Despite these shared properties, the herpesviruses vary in the specific cell types in which lytic and latent infection are established (Table 1) and in the clinical syndromes they produce. Different subsets of viral genes are transcribed based on whether or not infection is lytic or latency is established. Lytic infection usually leads to production of viral genomes, new viral particles and cell death. Latency is associated with the production of a limited array of “latency associated transcripts” (LAT) and persistence of the viral genome within the cell with the potential for reactivation at a later time. The clinical manifestations of primary infection or reactivation infection depend on the cells infected and the adequacy of the host's immune response to the virus.

Infection, Host Range and Viral Latency

  1. Top of page
  2. Abstract
  3. Introduction
  4. Viral Structure
  5. General Properties and Patterns of Replication
  6. Infection, Host Range and Viral Latency
  7. Reactivation and the Pathogenesis of Infection
  8. Epidemiology
  9. Diagnosis
  10. Treatment and Prevention
  11. Conclusions
  12. Disclosure
  13. Summary Box 1
  14. Summary Box 2
  15. References
  16. Questions

The overall scheme for viral infection and reactivation is conserved between herpesviruses. Infection is initiated when a viral particle contacts a cell with the appropriate surface receptor molecules for the surface glycoproteins of the virion. The virion is then internalized, dissociates and the viral DNA migrates to the cell nucleus. Virus may also enter cells by endocytosis; subsequently, fusion of the virion envelope to the endocytic membrane allows discharge of the nucleocapsid into the cell cytoplasm. In the nucleus, the linear viral DNA circularizes and replication begins.

Each of the herpesviruses has a well-specified host range for lytic and latent infections. Beyond the natural targets of infection, some studies have demonstrated the ability to “force” some viruses into new cell types or even between species in vitro. Host range is determined both by the distribution of cell surface receptors as well as supportive intracellular conditions that remain to be defined.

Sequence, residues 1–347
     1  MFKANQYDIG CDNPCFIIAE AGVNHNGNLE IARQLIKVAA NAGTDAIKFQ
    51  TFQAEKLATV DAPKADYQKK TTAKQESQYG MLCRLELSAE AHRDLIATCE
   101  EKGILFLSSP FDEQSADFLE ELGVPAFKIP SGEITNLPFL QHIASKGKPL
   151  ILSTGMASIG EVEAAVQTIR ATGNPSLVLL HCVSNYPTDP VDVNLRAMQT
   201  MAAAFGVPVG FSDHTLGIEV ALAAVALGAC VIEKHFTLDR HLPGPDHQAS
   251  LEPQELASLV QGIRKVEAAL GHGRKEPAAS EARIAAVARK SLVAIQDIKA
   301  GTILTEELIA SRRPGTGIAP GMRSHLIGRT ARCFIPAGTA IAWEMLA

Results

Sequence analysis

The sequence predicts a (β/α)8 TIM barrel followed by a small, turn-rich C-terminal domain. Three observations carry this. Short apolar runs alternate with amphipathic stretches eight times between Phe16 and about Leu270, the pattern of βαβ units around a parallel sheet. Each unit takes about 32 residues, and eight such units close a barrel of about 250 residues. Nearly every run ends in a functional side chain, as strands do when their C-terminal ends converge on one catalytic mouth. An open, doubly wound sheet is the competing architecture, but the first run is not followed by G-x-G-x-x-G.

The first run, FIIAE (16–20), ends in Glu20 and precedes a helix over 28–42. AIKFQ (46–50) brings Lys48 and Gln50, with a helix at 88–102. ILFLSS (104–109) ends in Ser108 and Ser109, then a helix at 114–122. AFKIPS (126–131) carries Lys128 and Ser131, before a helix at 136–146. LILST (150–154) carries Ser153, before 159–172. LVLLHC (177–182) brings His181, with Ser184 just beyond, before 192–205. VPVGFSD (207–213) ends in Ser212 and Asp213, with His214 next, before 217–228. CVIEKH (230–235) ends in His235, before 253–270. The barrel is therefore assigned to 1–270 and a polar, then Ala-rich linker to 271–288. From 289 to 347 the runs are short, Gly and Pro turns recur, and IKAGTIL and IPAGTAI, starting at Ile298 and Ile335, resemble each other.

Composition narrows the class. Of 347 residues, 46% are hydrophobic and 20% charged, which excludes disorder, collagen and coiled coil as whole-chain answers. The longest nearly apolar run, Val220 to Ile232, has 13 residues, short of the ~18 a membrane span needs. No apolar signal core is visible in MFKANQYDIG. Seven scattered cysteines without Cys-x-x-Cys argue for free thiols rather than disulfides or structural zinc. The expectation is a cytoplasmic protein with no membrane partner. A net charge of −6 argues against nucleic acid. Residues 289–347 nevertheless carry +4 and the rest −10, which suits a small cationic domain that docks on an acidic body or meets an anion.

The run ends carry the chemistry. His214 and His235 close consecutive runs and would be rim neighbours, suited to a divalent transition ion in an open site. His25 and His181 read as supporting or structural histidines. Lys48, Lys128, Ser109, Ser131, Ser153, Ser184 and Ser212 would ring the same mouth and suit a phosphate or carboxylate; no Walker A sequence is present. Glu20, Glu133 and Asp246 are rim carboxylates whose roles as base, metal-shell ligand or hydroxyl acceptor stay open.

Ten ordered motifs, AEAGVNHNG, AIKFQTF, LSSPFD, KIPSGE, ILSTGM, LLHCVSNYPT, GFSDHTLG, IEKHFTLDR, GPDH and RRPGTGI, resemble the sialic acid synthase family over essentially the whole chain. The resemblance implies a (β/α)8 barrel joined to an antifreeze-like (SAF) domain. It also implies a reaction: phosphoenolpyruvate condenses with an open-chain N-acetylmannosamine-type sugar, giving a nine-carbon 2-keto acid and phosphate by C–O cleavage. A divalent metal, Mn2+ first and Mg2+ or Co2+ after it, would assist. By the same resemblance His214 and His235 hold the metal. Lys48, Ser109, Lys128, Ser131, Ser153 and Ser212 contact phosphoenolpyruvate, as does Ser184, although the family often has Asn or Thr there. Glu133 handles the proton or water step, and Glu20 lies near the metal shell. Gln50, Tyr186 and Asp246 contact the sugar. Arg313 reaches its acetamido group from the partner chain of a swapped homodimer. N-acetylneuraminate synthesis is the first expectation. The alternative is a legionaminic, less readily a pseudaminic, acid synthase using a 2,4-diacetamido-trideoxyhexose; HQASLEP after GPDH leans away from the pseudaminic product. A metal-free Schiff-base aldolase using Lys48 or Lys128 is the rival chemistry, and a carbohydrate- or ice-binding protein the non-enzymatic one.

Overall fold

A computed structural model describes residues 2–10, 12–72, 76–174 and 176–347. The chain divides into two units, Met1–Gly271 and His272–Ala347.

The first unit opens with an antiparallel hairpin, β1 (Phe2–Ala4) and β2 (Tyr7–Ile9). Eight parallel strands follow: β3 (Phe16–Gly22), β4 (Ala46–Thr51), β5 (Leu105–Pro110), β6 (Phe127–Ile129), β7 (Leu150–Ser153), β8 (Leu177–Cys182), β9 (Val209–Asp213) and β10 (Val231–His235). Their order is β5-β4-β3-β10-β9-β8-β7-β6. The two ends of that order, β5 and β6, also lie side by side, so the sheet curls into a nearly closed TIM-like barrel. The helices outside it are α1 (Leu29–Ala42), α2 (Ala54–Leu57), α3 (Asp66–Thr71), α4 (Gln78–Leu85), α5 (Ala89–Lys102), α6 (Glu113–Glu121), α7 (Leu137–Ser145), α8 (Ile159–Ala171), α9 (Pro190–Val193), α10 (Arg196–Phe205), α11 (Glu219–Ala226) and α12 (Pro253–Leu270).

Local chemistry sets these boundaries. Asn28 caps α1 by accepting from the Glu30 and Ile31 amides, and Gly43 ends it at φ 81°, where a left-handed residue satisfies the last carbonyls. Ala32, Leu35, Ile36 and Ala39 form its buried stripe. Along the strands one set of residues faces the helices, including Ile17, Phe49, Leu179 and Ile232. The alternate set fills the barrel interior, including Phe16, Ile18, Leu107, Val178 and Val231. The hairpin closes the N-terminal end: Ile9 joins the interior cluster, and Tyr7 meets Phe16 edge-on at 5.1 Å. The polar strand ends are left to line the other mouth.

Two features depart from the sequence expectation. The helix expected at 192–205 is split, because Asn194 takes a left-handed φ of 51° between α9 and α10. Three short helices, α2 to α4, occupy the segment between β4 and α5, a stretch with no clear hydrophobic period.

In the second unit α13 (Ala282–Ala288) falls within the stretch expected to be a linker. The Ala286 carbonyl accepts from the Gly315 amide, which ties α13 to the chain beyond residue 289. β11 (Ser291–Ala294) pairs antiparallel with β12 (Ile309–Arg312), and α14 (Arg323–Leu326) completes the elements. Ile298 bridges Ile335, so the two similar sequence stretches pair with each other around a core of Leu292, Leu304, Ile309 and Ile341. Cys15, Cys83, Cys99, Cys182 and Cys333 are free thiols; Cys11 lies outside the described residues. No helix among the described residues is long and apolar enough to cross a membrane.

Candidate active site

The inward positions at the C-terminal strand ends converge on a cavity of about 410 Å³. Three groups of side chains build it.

The mechanisms used by the herpesviruses to establish and maintain latency are incompletely understood. The herpesvirus genomes exist as circular, episomal elements in latency. Latency transcripts protect the virus from endogenous cellular protective mechanisms including cellular apoptosis (programmed cell death) and antiviral alpha-interferon production [15]. It appears that expression of viral microRNAs (miRNAs) may also control aspects of the host cellular gene expression (e.g. LMP1 from EBV appears to control the production of a series of novel miRNAs); alterations in the methylation of viral histone proteins may downregulate lytic gene expression to preserve latency [16-19]. As an alternative, some viral pro-lytic regulatory proteins are expressed but sequestered outside the nucleus to prevent their activation of expression of host and viral lytic genes. Special latency transcripts have unique functions. In EBV, latency transcripts are required for the transformation and immortalization of B-lymphocytes. The EBV nuclear antigen 1 protein allows latent viral episomes to partition to dividing infected B cells. HSV expresses latency-associated noncoding transcripts that interfere with cellular apoptosis. VZV latency proteins inhibit antiviral interferon-α. EBV and KSHV encode unique latency proteins in malignantly transformed cells.

Reactivation and the Pathogenesis of Infection

  1. Top of page
  2. Abstract
  3. Introduction
  4. Viral Structure
  5. General Properties and Patterns of Replication
  6. Infection, Host Range and Viral Latency
  7. Reactivation and the Pathogenesis of Infection
  8. Epidemiology
  9. Diagnosis
  10. Treatment and Prevention
  11. Conclusions
  12. Disclosure